Power Performance for Singers: Transcending the Barriers

Power Performance for Singers: Transcending the Barriers

Power Performance for Singers: Transcending the Barriers

Power Performance for Singers: Transcending the Barriers

Synopsis

To perform well in today's highly competitive world where technical skills have been advanced to an unprecedented degree, a singer must be able to handle incredible pressure within the performing arena; his or her ability to deal with this stress will often determine whether he or she will succeed. Why, then, do singers with less technical skill sometimes out-perform stars? Why do some stars suddenly stop performing? What is that mysterious factor that makes an electric performance? Consistent, competent performances do not depend solely upon superior vocal skills, nor are they a matter of luck. On the contrary, the best performances result from a combination of mental attitude, concrete performing skills, and excellent technical skills in that order. Yet most singers have never had the opportunity to acquire the essential skills that make for a successful career. Written as a self-help manual for singers at all levels of expertise, Power Performance for Singers is designed to teach performing artists, and especially singers, how to experience elite performance at their level. The skills outlined in this book will help singers use what they have, to enjoy their voices during performance, and to perform consistently to the best of their present ability.

Excerpt

Within the first year that Alma Thomas, a performance psychologist, started working with singers in New York, her fame grew so rapidly that she was invited to adjudicate a New York State competition, which was an early stage of a prestigious national competition. There were to be five judges, four of them musicians and the fifth a nonmusician, Alma Thomas. Thomas demurred, declaring that she didn't have the necessary musical background with which to judge singers properly. Nevertheless, the competition chairperson insisted that Alma take part, advising her to define her own criteria, which she did.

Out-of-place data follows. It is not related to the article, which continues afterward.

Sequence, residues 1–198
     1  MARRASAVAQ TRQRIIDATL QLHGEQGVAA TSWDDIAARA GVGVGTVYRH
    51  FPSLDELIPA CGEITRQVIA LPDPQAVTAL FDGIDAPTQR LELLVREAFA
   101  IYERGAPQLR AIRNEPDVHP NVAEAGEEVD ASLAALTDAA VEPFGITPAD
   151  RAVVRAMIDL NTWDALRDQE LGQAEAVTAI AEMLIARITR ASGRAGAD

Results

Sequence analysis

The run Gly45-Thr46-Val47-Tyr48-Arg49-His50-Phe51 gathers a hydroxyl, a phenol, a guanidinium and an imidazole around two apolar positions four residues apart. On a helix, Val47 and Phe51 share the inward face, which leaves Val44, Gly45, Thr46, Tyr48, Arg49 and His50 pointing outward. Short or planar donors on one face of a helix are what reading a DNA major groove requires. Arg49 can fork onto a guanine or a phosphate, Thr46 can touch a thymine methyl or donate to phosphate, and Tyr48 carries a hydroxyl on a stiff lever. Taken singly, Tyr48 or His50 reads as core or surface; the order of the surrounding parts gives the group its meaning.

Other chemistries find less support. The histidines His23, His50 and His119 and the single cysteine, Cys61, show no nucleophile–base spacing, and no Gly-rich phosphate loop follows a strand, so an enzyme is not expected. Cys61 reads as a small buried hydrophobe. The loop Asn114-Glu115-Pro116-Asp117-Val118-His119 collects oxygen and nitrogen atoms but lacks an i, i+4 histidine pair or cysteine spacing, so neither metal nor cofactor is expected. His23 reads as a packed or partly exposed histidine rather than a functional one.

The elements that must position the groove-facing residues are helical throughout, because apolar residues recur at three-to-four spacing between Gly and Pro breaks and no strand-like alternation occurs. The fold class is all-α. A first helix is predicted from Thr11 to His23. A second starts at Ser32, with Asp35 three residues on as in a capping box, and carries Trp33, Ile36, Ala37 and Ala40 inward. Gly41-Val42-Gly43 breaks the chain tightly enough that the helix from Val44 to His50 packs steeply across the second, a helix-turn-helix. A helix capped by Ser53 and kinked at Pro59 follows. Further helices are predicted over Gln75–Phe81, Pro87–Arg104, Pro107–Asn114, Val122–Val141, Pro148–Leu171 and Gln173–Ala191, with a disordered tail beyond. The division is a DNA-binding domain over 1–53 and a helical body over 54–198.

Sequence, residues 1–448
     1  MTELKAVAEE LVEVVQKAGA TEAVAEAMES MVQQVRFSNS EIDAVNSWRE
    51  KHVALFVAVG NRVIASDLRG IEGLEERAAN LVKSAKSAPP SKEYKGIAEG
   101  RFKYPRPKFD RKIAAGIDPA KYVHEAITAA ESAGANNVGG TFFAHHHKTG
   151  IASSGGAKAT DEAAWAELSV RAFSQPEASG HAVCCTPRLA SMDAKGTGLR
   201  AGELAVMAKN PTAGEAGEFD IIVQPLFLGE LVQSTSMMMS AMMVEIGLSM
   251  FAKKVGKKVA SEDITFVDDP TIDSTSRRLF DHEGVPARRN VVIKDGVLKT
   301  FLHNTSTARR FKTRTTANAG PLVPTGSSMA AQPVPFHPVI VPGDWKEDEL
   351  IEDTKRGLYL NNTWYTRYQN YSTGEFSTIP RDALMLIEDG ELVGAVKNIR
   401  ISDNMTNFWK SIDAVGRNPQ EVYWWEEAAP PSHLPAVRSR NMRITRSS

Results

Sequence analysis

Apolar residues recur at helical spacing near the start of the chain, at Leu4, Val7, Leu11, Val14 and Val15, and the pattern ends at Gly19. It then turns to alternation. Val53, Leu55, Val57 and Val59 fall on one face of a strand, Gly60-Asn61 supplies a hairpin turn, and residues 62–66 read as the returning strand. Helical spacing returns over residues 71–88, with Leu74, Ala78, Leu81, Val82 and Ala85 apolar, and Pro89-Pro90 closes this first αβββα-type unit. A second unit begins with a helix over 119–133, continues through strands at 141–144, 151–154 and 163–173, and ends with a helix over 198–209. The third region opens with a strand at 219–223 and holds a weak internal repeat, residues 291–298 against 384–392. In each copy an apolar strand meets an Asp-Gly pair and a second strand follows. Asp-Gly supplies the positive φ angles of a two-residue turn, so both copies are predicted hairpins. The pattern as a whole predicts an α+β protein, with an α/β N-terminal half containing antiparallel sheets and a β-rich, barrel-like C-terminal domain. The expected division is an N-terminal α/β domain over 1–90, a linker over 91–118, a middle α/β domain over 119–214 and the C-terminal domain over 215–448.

Listening to the seventeen contestants, the four musician-judges busily juggled numbers (out of a perfect score of 100) for diction, tone quality, musicianship, and so on -- the usual adjudication categories. Alma had no such categories or numbers, but she made notes. Hearing about the results later, I myself was astonished. Alma had ranked the first five contestants in exactly the same order as the composite score of the other four judges; had scrambled the order of the next three to 7, 6, 8 instead of the 6, 7, 8; and had ranked the remaining nine contestants just as the other judges had!

Although I knew what the official adjudication categories were, I couldn't wait to find out what Alma's criteria had been. "Apart from the mental skills demonstrated," she answered, "I had only one criterion: Whoever has best shown me what he or she thinks the song is all about is number one, and so on. . . ."

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